(Speaking of wasted lives, what happened to Comic Book Guy between 1997 when, facing annihilation, he said, "Oh, I've wasted my life," and 2007 when, in the same situation, he declared, "Life well spent!"? One online commenter speculated that his heart attack in 2001 changed his perspective, but since Comic Book Guy isn't real and so doesn't have a perspective, I say the more-believable answer is that society has rejected the idea that there are larger ideals to serve than your own gratification. In 1997, there still existed an objective standard against which to measure how a life was spent; 10 years later, anyone who still believed that had been brainwashed by the patriarchy.)

Monday, May 04, 2015

Texts From My Marriage

ME: You can come "visit" me during teaching hours, since none of my students are here today.

ME: Although right now I have two Chinese people standing outside my classroom staring at me.

ME: But maybe you're into that.

MY WIFE: [smiling emoticon] Totally my thing, right?

EDITOR'S NOTE: That is not my wife's thing.

Sunday, May 03, 2015

Like a Nosey Herzog

I've written before about the ways in which I identify with the protagonist of Saul Bellow's Herzog, and that I'm aware of the implications of thinking, while reading about a man suffering a mental breakdown, "This guy makes a lot of good points." I've also written about the freedom that comes from being everyone's least-favorite family member.

What happens when you combine these things? I really want to start writing letters to my family members telling them exactly what I'm thinking of them.

Not all of them would be bad things. At least two of the letters would be very complimentary. But there are some things going on in my family right now that everyone thinks are terrible but no one is saying anything about it (and for my reading family members, I'm talking about more than just the obvious one). And I feel like I would lose absolutely no social capital (because you can't draw your social capital account down below zero) if I told some of these people the truth.

"Oh but, A Random Stranger, what if they returned the favor?" Please, be my guest. There's nothing you think is wrong with me that I haven't already cataloged in detail in my brain. Bring up a topic and I'll provide all your evidence. Eventually Herzog comes to self-criticism, too, right?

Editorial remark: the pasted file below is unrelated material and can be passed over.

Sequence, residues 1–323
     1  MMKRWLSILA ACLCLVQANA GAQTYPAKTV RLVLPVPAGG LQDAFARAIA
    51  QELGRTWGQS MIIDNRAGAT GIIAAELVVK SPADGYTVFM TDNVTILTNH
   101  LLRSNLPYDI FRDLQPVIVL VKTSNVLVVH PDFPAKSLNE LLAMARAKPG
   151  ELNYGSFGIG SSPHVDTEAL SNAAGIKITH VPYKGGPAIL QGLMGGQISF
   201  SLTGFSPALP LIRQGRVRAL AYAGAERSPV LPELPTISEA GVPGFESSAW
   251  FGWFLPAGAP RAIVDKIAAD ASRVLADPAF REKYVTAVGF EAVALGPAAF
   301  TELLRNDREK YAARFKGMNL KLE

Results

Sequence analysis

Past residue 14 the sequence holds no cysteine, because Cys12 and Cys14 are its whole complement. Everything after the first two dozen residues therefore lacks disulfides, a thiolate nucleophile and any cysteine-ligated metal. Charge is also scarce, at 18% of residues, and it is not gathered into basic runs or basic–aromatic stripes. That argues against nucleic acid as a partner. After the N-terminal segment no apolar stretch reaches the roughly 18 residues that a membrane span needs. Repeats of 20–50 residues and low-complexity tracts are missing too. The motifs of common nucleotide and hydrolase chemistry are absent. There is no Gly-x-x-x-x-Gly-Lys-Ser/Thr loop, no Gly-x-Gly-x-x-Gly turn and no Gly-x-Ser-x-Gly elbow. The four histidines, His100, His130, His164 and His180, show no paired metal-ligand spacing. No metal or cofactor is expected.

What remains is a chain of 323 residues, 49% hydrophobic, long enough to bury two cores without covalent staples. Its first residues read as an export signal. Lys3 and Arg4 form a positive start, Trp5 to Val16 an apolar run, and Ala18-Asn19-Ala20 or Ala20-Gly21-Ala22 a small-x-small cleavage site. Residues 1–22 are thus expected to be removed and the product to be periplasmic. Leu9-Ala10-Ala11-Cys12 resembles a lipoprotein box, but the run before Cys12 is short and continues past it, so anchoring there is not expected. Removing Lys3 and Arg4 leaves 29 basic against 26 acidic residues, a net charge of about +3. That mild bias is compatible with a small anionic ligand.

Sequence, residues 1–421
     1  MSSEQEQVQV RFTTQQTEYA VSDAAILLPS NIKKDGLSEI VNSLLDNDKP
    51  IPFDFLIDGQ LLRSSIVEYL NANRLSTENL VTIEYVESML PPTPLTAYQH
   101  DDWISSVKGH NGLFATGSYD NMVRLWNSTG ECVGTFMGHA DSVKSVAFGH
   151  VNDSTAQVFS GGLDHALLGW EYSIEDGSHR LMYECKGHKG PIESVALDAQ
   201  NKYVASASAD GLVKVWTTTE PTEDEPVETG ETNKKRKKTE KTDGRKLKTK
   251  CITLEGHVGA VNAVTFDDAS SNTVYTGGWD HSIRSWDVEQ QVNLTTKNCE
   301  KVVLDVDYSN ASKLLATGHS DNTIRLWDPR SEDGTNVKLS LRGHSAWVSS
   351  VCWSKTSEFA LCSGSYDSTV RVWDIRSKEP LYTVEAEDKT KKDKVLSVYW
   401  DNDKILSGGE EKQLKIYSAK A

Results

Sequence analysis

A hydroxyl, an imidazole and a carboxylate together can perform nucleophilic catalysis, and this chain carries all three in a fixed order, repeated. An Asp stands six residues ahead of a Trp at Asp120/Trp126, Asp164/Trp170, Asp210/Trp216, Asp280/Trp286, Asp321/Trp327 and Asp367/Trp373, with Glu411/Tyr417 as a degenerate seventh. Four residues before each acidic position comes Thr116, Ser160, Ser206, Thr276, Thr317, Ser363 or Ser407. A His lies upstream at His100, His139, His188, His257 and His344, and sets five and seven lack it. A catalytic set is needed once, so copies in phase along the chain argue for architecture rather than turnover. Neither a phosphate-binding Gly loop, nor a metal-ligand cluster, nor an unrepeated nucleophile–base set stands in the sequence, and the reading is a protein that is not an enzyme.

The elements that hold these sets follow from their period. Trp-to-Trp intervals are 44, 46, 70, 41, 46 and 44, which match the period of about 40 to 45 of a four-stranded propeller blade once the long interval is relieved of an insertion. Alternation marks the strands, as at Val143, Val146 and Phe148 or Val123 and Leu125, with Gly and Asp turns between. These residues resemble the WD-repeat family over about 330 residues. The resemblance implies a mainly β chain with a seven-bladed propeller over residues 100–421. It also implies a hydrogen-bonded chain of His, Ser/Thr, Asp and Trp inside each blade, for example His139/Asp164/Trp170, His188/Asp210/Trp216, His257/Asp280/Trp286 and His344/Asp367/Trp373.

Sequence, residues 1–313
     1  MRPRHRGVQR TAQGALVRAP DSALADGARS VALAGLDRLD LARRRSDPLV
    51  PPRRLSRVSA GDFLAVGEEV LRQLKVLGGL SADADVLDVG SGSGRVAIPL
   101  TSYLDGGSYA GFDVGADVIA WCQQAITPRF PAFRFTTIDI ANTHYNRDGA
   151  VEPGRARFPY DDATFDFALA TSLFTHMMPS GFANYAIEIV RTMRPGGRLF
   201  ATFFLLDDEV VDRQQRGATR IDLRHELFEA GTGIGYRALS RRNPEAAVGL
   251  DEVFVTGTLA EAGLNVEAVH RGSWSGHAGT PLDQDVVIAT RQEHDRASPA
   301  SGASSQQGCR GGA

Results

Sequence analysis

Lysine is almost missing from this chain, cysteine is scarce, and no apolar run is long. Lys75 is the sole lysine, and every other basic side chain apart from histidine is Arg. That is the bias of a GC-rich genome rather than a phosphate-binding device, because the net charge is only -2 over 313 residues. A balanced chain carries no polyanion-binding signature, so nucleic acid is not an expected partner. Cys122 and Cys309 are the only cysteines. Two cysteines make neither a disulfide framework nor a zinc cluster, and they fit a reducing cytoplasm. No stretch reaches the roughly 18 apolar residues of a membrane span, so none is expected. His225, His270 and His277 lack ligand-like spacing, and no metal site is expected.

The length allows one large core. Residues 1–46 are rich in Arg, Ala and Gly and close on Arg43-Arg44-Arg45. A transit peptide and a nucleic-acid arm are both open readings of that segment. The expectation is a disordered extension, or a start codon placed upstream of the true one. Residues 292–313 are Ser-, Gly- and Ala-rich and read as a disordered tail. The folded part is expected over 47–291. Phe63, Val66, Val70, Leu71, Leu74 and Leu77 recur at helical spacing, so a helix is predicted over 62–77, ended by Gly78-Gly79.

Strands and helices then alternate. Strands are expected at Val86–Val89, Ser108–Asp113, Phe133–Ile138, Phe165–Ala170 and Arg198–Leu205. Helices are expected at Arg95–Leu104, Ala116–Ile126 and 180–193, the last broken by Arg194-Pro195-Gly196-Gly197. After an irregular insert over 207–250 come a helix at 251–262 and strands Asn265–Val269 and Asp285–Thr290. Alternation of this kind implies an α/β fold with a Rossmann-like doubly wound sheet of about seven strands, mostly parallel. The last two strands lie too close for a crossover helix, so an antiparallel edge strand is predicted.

Saturday, May 02, 2015

How to Start Counting Counties

Some of you know that I keep track of the counties (and county-equivalents) I visit. (See my blog sidebar for an update on my progress.) Recently my friend Cristin sent me a message about her eldest son taking an interest in this. She asked for advice on how he could get started without having to use a computer. Since I'm super lazy, I've decided to use my response as a blog post, thereby getting double the use out of the three minutes I spent responding.

The easiest way to start is also fairly cheep: get one of those large atlases from Walmart or Target. They're about 11 x 17, published by Rand McNally, and have county lines shown on each state map. They cost about $5.99 or $6.99 or so.

The reason this is best is because it shows county lines, most towns, and most highways, all while being cheep. So you can see where you've been, how you got there, and mark the counties visited with a marker.

You might think a more-expensive atlas will be even-more useful. You should stop creating Veblen goods. The "fancier" versions of Rand McNally atlases are actually less-useful for what you want to do. One version is smaller, only about 8.5 x 11. It doesn't display county lines. One version is a truck driver's atlas. It already has some routes highlighted in orange. Just stick with the cheepest atlas you can find, which will be the best for what you are doing.

I trace the county boundary and underline the county name for each county visited. (Outlining alone is insufficient when you've been to all of a county's surrounding counties without having visited the county itself.) Outlining requires a steadier hand, and a keen eye for noticing where the boundary runs, but it's generally better than trying to color the entire county with a highlighter, which will use up several highlighters if you've been to western states with large counties. But if you are trying to keep a kid quiet for as long as possible, have him use some colored pencils or something.